Protein kinases and addiction

Anna M. Lee, Robert O. Messing

Research output: Chapter in Book/Report/Conference proceedingChapter

60 Scopus citations

Abstract

Although drugs of abuse have different chemical structures and interact with different protein targets, all appear to usurp common neuronal systems that regulate reward and motivation. Addiction is a complex disease that is thought to involve drug-induced changes in synaptic plasticity due to alterations in cell signaling, gene transcription, and protein synthesis. Recent evidence suggests that drugs of abuse interact with and change a common network of signaling pathways that include a subset of specific protein kinases. The best studied of these kinases are reviewed here and include extracellular signal-regulated kinase, cAMP-dependent protein kinase, cyclin-dependent protein kinase 5, protein kinase C, calcium/calmodulin-dependent protein kinase II, and Fyn tyrosine kinase. These kinases have been implicated in various aspects of drug addiction including acute drug effects, drug self-administration, withdrawal, reinforcement, sensitization, and tolerance. Identifying protein kinase substrates and signaling pathways that contribute to the addicted state may provide novel approaches for new pharmacotherapies to treat drug addiction.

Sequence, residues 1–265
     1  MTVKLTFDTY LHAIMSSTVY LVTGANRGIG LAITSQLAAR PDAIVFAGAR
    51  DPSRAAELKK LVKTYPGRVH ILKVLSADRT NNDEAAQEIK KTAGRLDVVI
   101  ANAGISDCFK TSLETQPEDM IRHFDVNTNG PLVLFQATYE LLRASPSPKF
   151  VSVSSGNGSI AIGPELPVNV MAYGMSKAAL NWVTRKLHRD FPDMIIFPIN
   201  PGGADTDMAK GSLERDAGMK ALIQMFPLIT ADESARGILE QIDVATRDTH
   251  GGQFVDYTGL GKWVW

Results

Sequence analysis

Original languageEnglish (US)
Title of host publicationAddiction Reviews 2008
PublisherBlackwell Publishing Inc
Pages22-57
Number of pages36
ISBN (Print)9781573317276
DOIs
StatePublished - Oct 2008
Externally publishedYes

Publication series

NameAnnals of the New York Academy of Sciences
Volume1141
ISSN (Print)0077-8923
ISSN (Electronic)1749-6632

Keywords

  • Addiction
  • Calcium/calmodulin-dependent protein kinase II
  • Cyclin-dependent protein kinase 5
  • Extracellular signal-regulated kinase
  • Fyn tyrosine kinase
  • Protein kinase
  • Protein kinase C
  • cAMP-dependent protein kinase

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